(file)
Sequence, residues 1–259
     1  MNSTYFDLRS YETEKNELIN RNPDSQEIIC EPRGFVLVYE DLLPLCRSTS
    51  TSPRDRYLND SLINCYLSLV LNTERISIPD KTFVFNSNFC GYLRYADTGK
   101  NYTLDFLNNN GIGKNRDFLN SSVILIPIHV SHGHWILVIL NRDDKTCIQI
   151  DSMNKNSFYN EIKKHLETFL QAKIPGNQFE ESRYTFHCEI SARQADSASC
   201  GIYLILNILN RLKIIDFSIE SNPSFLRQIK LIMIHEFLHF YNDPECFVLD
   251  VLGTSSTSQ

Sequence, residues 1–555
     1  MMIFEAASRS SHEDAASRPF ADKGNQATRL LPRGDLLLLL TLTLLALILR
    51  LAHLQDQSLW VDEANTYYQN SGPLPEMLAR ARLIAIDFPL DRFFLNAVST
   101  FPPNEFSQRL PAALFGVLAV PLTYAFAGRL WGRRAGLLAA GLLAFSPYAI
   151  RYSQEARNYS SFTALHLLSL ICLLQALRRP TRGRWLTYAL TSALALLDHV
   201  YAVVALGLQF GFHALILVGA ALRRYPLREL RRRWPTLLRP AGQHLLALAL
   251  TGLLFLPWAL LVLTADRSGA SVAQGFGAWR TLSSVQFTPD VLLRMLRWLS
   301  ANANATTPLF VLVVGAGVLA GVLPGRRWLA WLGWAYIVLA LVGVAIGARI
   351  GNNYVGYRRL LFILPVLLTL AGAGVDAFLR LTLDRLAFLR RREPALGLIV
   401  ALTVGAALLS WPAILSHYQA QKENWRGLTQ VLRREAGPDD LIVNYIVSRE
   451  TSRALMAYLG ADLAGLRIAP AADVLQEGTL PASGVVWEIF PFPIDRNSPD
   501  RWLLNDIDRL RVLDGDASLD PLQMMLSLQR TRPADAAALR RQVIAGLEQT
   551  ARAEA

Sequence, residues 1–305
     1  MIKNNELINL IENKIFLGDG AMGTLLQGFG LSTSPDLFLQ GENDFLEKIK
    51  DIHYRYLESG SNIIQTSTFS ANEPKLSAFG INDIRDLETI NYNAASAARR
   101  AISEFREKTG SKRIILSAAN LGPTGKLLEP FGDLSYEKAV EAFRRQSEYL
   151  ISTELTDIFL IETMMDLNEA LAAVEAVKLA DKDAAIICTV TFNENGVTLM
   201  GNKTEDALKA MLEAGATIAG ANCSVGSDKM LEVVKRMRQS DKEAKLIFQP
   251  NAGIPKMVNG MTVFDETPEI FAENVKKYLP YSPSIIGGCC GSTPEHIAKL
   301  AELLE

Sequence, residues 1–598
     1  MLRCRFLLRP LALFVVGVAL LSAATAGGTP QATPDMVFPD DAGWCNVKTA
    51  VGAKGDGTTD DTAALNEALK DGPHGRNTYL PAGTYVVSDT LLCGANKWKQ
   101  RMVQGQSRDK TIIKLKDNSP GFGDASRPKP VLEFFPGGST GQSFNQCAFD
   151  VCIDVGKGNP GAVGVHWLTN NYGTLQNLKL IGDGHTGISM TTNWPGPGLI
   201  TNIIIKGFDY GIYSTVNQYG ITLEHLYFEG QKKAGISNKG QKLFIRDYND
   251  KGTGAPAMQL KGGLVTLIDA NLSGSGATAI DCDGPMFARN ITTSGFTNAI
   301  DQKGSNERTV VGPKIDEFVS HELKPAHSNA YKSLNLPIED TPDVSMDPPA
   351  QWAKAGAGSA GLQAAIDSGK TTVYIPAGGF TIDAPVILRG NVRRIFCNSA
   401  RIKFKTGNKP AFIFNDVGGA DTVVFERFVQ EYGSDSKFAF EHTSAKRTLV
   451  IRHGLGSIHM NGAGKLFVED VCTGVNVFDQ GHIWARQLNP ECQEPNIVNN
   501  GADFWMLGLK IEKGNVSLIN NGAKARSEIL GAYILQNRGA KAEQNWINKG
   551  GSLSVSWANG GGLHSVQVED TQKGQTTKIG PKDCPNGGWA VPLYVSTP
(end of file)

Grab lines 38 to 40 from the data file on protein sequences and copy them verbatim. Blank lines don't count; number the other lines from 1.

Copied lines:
   401  RIKFKTGNKP AFIFNDVGGA DTVVFERFVQ EYGSDSKFAF EHTSAKRTLV
   451  IRHGLGSIHM NGAGKLFVED VCTGVNVFDQ GHIWARQLNP ECQEPNIVNN
   501  GADFWMLGLK IEKGNVSLIN NGAKARSEIL GAYILQNRGA KAEQNWINKG